Dear Real Estate Adviser,
Is it better to do the repairs and sell at market price, or sell "as is" at below-market price? Our home needs new siding, new windows and some interior improvements. The neighborhood is stable with mostly middle-class homes.
-- D. Pattkin
You can certainly roll the cost of the needed repairs into your home's sale price, but you'll likely have to offer buyers an extra discount for the time and trouble needed to address the necessary fix-it work. Otherwise, that same buyer could simply drive down the block and buy another home with newer siding and windows, better interiors, etc., for the same cost as yours and not have to pound a nail.
You are caught in a modern day, real estate Catch-22 -- that dreaded "darned if you do and darned if you don't" scenario. Tattered homes often will not sell conventionally -- at least for a reasonable price -- in this predominantly buyer's market. Only in those rare seller's markets would you have some leverage despite your home's condition.
So you may have to bite the bullet and do the work. Unfortunately, statistics suggest you will recoup less than three-fourths of your remodeling investment when you sell. According to Remodeling magazine's 2010-2011 Remodeling Cost vs. Value report, a full window replacement in a midrange repair project returns 71.6 percent of investment in a home sale, while a siding replacement returns 72.4 percent -- percentages that are higher than most remodeling jobs, by the way. Other interior remodeling projects merit value returns of 45 percent to 73 percent, according to the survey.
While that data seem to suggest that sellers should offer buyers credits and let the buyers perform their own work, the reality is that if a home is too beat up, it may generate little interest from conventional buyers. Contractors or would-be home flippers, who will likely lowball you because they can already get cheap fixer-uppers in the vast foreclosure arena, may be your only customers. Unless they're especially handy and have loads of spare time on their hands, would-be owner occupants typically don't want to wrestle with significant repairs.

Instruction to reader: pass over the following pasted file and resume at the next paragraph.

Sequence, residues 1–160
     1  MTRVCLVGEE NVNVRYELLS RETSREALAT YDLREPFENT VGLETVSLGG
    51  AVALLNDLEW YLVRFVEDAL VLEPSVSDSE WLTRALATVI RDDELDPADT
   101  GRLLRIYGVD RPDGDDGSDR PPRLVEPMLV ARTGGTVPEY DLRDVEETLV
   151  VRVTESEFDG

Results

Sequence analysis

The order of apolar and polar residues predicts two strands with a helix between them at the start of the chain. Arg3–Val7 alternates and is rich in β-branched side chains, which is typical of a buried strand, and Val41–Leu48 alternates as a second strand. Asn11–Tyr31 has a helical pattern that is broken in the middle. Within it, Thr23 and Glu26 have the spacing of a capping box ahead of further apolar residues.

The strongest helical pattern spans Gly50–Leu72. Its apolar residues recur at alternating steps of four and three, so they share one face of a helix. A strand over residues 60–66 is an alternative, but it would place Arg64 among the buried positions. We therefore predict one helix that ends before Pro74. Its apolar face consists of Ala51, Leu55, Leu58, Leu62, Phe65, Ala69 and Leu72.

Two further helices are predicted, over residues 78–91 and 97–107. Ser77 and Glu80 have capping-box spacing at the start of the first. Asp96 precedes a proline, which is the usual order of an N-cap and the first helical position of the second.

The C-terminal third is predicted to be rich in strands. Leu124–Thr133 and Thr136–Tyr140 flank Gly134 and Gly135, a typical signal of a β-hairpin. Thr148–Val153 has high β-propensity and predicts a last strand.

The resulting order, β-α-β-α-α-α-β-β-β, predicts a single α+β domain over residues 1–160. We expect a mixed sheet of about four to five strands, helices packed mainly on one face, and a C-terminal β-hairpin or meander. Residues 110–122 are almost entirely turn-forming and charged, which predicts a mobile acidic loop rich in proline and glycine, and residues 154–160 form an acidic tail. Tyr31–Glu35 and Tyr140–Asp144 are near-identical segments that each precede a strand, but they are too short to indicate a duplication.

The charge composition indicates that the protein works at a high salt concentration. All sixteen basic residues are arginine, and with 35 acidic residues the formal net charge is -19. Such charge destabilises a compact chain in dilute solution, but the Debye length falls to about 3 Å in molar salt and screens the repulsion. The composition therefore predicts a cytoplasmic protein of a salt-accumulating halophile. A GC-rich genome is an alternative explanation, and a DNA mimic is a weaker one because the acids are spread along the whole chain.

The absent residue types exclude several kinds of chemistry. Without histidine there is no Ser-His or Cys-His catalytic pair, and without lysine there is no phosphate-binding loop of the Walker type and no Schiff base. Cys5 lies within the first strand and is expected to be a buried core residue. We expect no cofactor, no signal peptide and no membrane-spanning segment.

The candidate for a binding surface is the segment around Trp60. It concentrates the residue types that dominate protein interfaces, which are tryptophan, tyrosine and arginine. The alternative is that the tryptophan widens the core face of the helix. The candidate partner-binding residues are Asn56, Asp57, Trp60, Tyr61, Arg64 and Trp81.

Of course, all real estate is local, so these generalizations may not wholly apply on your block. Consider attending open houses in or near your neighborhood to assess the general condition of area for-sale homes, with an eye on any apparent upgrades and other amenities and their apparent impact on sales prices and buyer interest. A seasoned agent can also tell you what buyer priorities are in a given area.
You might have to perform at least some of the repairs if you need to sell your house soon for anything close to optimal price.
Good luck on your sale!
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